7. Make certain that your budget is flexible and adaptable. To be successful,  a budget takes commitment from each family member. Therefore it is important that everyone “buys” into the spending plan you have all created.

8. Fine tune your annual budget into a monthly budget. Compare your monthly actual to your monthly budget and determine the difference. You will likely discover “money leaks”. Please refer to the Top Three FAQs about Budgeting and Personal Finance for suggestions about how to stop money leaks and advice for staying on budget.

9. It is often difficult to keep track of “pocket change”. Walking around money can quickly add up to hundreds of dollars spent each month. One way to keep track of where this money goes is to keep an envelope in your car or purse. Write the month in the corner of the envelope. When you pay cash, list what you purchased and the amount on the envelope. If you pay for an unusual expense put the receipt in the envelope. This will help you remember what you purchased. At the end of the month, you can reduce the number of unassigned personal expenses by categorizing the items listed on your envelope.

10. Calculate your total expenses.

11. Subtract your total expenses from your income. The difference is your net discretionary cash flow. This amount can be used towards achieving your financial goals.

In conclusion, it is important to get started today. Understand that your first budget won’t be “on the mark”. Your budget will be subject to small changes and revisions. The budget will likely not be accurate until it has been in place for three to four months.

About ksindell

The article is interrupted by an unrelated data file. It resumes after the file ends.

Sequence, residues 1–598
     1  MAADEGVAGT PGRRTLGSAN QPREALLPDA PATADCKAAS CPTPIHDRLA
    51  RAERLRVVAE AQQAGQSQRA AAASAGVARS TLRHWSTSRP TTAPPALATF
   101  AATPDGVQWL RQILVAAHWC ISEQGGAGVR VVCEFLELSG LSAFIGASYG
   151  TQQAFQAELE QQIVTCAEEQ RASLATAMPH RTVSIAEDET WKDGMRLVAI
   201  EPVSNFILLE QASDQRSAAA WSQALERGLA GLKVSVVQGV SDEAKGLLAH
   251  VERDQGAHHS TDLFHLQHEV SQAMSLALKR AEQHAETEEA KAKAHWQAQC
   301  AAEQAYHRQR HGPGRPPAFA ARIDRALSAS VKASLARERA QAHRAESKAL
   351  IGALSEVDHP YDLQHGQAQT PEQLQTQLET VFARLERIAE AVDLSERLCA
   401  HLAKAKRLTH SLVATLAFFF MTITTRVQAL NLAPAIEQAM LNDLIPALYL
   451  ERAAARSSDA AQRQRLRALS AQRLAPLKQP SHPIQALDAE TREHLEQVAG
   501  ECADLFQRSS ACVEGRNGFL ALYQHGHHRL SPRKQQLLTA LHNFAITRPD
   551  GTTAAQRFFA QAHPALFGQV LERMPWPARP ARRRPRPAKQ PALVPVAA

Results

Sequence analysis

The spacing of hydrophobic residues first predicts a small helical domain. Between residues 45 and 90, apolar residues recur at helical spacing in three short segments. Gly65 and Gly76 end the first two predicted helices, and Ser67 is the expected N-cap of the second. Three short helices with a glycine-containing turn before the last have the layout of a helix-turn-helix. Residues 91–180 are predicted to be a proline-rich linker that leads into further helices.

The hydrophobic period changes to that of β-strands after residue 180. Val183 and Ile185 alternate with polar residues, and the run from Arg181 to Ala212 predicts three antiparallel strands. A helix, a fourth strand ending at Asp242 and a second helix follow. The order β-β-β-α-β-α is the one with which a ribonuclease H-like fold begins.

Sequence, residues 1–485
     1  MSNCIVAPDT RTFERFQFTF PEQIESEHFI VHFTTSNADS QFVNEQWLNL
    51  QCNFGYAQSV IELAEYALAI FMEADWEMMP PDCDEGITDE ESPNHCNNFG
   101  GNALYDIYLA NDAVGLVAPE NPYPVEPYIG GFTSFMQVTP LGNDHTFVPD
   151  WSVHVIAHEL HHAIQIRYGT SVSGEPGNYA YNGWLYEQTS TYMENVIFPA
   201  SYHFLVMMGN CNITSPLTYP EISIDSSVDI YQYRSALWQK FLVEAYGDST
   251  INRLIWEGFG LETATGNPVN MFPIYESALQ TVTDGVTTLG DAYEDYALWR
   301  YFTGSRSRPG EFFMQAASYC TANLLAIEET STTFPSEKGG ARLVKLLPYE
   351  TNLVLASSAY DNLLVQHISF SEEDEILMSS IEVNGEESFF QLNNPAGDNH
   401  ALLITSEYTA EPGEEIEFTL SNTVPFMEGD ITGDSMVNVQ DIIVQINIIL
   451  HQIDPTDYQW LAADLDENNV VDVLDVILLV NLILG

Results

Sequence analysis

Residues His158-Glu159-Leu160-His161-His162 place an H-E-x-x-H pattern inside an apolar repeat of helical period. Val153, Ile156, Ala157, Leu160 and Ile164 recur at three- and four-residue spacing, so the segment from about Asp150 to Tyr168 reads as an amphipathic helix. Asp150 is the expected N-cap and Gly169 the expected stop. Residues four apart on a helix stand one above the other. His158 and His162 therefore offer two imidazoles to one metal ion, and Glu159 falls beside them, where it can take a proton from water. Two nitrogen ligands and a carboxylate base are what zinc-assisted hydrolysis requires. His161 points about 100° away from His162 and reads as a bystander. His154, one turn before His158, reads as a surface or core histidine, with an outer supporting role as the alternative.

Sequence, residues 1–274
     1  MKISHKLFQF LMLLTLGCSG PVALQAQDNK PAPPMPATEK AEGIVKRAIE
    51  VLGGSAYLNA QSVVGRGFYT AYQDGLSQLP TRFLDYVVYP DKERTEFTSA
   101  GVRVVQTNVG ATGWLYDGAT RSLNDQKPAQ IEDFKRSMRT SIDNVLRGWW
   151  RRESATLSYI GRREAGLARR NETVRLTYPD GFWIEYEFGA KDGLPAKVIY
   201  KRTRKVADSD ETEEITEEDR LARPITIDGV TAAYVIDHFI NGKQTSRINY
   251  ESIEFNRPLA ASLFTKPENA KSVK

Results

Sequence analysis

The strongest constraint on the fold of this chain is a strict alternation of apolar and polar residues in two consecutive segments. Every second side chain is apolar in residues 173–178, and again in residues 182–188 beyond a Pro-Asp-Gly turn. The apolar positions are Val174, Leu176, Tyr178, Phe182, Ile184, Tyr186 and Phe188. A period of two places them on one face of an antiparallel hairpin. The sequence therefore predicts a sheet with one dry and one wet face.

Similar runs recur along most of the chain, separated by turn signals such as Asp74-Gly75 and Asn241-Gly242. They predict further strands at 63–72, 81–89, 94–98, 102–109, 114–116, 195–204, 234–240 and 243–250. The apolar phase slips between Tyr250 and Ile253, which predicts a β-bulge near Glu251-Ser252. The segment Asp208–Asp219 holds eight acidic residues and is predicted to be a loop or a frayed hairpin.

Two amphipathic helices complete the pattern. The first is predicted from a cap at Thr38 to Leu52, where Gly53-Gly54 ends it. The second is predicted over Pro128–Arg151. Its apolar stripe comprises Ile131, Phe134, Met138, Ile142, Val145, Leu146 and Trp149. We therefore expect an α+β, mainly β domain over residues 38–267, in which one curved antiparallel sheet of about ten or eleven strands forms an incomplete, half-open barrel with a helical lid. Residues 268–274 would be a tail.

Kathleen Sindell, Ph.D. is the author of numerous academic, popular, and professional finance articles, Web sites, proposals, and books. This includes the bestselling reference book, "Investing Online for Dummies, Eds 1-5" (listed for two consecutive years on the Wall Street Journal's Bestselling Business Book List). Her most recent book "Social Security: Maximize your Benefits" has been listed in Amazon's Top 100 Bestselling Retirement Planning Books. It is important to note that "Social Security: Maximize Your Benefits, 2nd Edition" was just released. Sindell has an in-depth understanding of the financial services industry and has held Series 7, 63, and 65 licenses. Dr. Sindell is regularly tapped as a financial services expert on ABC World News, The Nightly Business Report, and at popular online and print outlets. Kathleen Sindell, Ph.D. is a member of the Board of Directors for the Financial Planning Association, National Capital Area (FPA NCA), is on the Editorial Advisory Panel of the Journal of Financial Planning, and is Co-Chair of the Metro Washington Financial Planning Day. Sindell is a Course Chair II, CFP Program Academic Officer, and adjunct full-professor at the University of Maryland, UMUC, School of Undergraduate Studies. Contact Information: ksindell@kathleensindell.com or 703-299-1700